Worcester fusion band Zigmont chases new thrills on sophomore album

From left, the members of Zigmont: Akiba Davis, Nicholas Chiancola and Jacob Leevai. (Courtesy Joe Presti)
From left, the members of Zigmont: Akiba Davis, Nicholas Chiancola and Jacob Leevai. (Courtesy Joe Presti)

Worcester-based fusion band Zigmont fills a room, both sonically and in terms of concertgoers. That’s part of the reason the band will play a hometown concert at Ralph’s Rock Diner on Thanksgiving Eve, a traditionally popular night out. It’s a stage that bassist Nicholas Chiancola, guitarist Jacob Leevai and drummer-keyboard player Akiba Davis have stepped on many times, but next week’s concert will also serve as a special occasion: a release party for the band’s sophomore album, “The Thrill of the Chase.”

The album centers around the concept of chasing. Leevai describes the album’s opening track, “Burning it Down,” as the catalyst. It’s a song about loss that inspires the album’s subsequent chases that often lead the songs’ characters to unfortunate outcomes. Many of the tracks that follow focus on different objects of desire. In “The Chase,” the narrator pursues lust; in “WAYLA,” it’s material possessions.

“Return to Sender” sees Leevai chasing after a sense of self. The song opens with the lyrics, “I wrote myself a letter/ And it got returned to sender,” and reflects the lies we tell ourselves and how the truth often catches up with us. The lyrics continue, “I’ve been running/ Even when I’m sleeping/ I can hear them coming/ If I can escape it stands to reason/ That I can get some sleep.”

Leevai and Chiancola each bring a different vocal style to the band’s blend of blues, funk and rock. Chiancola employs a lyrical syncopation that allows him to flip between spoken word and singing. He sets the audience up for Leevai’s bellowing and expressive gusto, an effect Chiancola calls the “wallop.”

The band’s body of work teeters between serious and joking with lyrics that question the meaning of existence then follow up with an utterance of “better buckle up” and an oncoming crash of instrumental jamming.

Perhaps the best illustration of Zigmont’s dynamic range is its namesake. “The band is named after my cat,” said Leevai, noting that the little feline was also present for the phone interview albeit napping. “He’s a sweet boy. He’s also a little bit of a rascal.” Davis chimes in, “He encapsulates a lot of our energy.”

That is to say, the band’s music can be moody, playful and curious. It’s a sound that Chiancola calls “dark funk space blues,” a phrase pulled from lyrics on the new album. “We jam, but we're not really a jam band,” said Leevai. “We have funk drums, but we're not really a funk band. You know, we'll use jazz chords, but we're not really a jazz band. So there's so many different things that we do, and I think that dark funk space blues just sounds the best.”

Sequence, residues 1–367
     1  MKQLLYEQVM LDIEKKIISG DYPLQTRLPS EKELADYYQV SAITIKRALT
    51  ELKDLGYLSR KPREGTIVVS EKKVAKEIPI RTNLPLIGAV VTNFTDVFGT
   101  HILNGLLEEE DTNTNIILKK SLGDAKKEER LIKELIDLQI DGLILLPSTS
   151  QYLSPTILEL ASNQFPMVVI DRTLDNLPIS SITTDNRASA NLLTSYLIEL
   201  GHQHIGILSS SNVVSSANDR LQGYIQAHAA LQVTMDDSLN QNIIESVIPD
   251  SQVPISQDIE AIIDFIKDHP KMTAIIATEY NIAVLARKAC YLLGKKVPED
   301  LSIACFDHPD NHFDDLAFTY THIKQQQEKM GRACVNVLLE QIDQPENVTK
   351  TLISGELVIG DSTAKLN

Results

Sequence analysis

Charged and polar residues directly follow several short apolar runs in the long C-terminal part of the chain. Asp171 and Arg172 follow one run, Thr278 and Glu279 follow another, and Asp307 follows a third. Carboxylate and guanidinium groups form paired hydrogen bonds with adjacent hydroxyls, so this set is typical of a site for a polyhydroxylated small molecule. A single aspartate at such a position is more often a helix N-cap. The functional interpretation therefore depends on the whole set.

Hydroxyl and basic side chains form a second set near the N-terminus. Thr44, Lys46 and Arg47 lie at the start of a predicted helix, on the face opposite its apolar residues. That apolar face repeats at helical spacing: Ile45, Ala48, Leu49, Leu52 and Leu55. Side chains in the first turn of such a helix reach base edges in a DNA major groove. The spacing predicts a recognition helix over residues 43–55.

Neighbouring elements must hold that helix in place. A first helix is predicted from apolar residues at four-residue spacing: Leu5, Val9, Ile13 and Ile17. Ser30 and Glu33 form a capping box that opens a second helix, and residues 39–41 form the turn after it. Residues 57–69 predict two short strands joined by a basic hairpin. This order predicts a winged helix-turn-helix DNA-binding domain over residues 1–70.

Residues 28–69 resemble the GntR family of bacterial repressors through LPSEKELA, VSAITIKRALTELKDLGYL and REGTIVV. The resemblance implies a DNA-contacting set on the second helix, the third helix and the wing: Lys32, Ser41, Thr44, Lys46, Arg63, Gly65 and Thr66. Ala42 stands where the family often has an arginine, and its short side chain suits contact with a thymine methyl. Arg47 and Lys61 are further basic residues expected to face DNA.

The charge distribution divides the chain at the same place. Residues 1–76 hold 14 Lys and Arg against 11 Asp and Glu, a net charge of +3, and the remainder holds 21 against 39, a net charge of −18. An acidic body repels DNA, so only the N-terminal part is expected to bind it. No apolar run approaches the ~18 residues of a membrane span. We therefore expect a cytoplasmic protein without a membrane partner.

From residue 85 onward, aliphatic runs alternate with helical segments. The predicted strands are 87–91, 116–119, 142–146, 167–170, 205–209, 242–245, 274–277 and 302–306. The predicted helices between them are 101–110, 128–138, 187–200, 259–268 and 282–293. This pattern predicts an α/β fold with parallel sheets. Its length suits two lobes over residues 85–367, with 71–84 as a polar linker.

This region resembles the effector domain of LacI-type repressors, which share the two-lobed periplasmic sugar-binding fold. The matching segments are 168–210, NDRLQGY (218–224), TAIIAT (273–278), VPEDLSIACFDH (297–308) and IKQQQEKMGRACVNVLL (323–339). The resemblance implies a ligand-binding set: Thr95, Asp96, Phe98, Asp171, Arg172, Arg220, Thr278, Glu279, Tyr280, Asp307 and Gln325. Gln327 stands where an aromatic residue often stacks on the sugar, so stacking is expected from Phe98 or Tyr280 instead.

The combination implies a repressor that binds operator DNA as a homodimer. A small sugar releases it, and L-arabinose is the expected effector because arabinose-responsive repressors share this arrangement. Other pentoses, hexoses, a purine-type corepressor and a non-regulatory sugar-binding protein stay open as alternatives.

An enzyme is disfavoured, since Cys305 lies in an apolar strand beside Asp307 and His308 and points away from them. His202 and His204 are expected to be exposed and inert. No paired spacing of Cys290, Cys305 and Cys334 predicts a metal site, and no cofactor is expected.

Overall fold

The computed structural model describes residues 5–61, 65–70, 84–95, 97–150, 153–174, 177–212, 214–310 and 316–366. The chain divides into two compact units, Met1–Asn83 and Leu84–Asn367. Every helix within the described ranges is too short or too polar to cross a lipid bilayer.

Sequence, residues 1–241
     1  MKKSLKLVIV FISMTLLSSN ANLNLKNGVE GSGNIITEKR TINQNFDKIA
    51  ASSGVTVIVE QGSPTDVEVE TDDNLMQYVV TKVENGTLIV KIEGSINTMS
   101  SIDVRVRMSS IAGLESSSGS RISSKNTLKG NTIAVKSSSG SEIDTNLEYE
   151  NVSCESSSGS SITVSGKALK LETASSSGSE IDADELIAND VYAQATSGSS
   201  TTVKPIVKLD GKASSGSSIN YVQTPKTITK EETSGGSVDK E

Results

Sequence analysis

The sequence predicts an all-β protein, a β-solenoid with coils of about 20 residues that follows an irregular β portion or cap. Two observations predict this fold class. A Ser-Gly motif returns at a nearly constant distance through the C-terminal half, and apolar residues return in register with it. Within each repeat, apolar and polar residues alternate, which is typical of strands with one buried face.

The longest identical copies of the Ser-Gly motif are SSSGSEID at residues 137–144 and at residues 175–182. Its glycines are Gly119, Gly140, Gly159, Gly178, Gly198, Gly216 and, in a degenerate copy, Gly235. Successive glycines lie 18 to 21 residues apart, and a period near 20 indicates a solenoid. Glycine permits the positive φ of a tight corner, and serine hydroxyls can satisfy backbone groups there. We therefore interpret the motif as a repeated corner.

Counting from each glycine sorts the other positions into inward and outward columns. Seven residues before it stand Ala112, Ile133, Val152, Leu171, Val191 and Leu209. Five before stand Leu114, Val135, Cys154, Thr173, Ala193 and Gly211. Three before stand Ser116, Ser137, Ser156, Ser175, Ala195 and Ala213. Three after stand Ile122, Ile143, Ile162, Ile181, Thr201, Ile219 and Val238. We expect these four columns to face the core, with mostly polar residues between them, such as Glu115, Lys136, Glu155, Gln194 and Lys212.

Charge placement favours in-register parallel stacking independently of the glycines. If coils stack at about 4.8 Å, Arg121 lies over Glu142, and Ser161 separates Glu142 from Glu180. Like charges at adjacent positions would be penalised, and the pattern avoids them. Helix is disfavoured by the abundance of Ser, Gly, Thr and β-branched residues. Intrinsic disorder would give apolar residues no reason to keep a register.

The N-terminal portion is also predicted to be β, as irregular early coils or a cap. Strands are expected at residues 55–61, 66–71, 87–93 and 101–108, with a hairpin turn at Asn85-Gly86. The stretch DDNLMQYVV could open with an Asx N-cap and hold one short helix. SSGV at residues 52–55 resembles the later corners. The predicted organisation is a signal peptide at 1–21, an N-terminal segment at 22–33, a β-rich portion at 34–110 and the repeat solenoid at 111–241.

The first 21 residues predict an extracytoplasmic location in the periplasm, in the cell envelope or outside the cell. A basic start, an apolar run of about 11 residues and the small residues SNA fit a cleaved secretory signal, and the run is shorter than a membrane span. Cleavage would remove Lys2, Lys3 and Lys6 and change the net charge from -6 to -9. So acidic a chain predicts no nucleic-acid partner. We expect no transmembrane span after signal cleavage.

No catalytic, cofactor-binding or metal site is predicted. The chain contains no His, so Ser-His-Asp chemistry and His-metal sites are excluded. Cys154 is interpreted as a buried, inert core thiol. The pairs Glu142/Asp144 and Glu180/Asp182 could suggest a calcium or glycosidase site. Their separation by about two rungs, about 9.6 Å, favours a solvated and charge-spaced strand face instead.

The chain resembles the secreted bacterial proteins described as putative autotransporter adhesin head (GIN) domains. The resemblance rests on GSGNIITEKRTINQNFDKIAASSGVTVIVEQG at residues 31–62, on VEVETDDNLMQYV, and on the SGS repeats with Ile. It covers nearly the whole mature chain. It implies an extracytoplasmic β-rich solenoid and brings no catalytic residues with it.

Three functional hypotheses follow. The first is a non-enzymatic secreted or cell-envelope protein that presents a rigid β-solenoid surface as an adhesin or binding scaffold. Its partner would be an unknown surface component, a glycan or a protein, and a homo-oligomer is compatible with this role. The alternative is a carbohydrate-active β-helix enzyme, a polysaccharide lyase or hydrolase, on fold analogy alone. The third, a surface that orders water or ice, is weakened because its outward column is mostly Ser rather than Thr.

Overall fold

Outside of Zigmont, Leevai used to perform weekly at Ralph’s as part of The Dirty Gerund Poetry Show, a long-running weekly open mic where Leevai led the house band for 5 years. He deftly improvised guitar backing to poets’ words, live-composing musical accompaniments that only a certain type of listener can achieve. On occasion, he’d step to the mic for a solo performance and sing with outstanding strength and control. Whether it's in his solo performances or as part of Zigmont, Leevai delivers lyrics with a clarity and impact that distinguish him as a singer among the underground venues in Worcester.

Traveling acts from Boston have expressed to Zigmont that Worcester bands tend to have an energy or, as one said, a “hunger.” Between the economic efforts of the city that some refer to as revitalization and others as gentrification, the DIY music scene in Worcester has engaged in the city’s larger conversation about what type of community Worcester is and tries to be. “I can't necessarily say it directly has influenced me to be like, ‘Oh, this stuff is going on in Worcester. Like, I'm going to write this song about it,’” said Chiancola. “But surroundings naturally — and without us knowing — influence us, you know?”

For Zigmont, the greatest musical influences come from the bandmates’ varied tastes. “If you looked at our Spotify recents, it would probably look entirely different for all three of us,” said Leevai, who cites Frank Zappa, Steely Dan and Queen as his most-listened to artists. “Right now, I'm listening to a lot of ‘80s metal concept albums like ‘Operation: Mindcrime’ by Queensrÿche or ‘Streets: A Rock Opera’ by Savatage.” Chiancola favors New Orleans’ gulf blues country musician Charley Crockett. Davis lists Yussef Dayes’ “Black Classical Music” and Greg Spiro’s Tiny Room Sessions.

The band has plenty to look forward to between the album release, the party the following week and more shows in the winter. With the work of recording this album behind them, the three bandmates reflected on what Zigmont is chasing next. “Chasing some new music,” said Davis. “I’m chased,” said Chiancola, and followed up with, “I'm still chasing the thrill. I'm chasing opportunity. Chasing growth.”

“Zigmont the band is chasing different ears – new listeners – every ear is a good ear,” said Leevai. “Zigmont the cat is chasing ghosts around my apartment and running around frantically at three in the morning when I'm trying to sleep.”


Headshot of Solon Kelleher

Solon Kelleher Arts Reporting Fellow
Solon Kelleher is the arts reporting fellow at WBUR.



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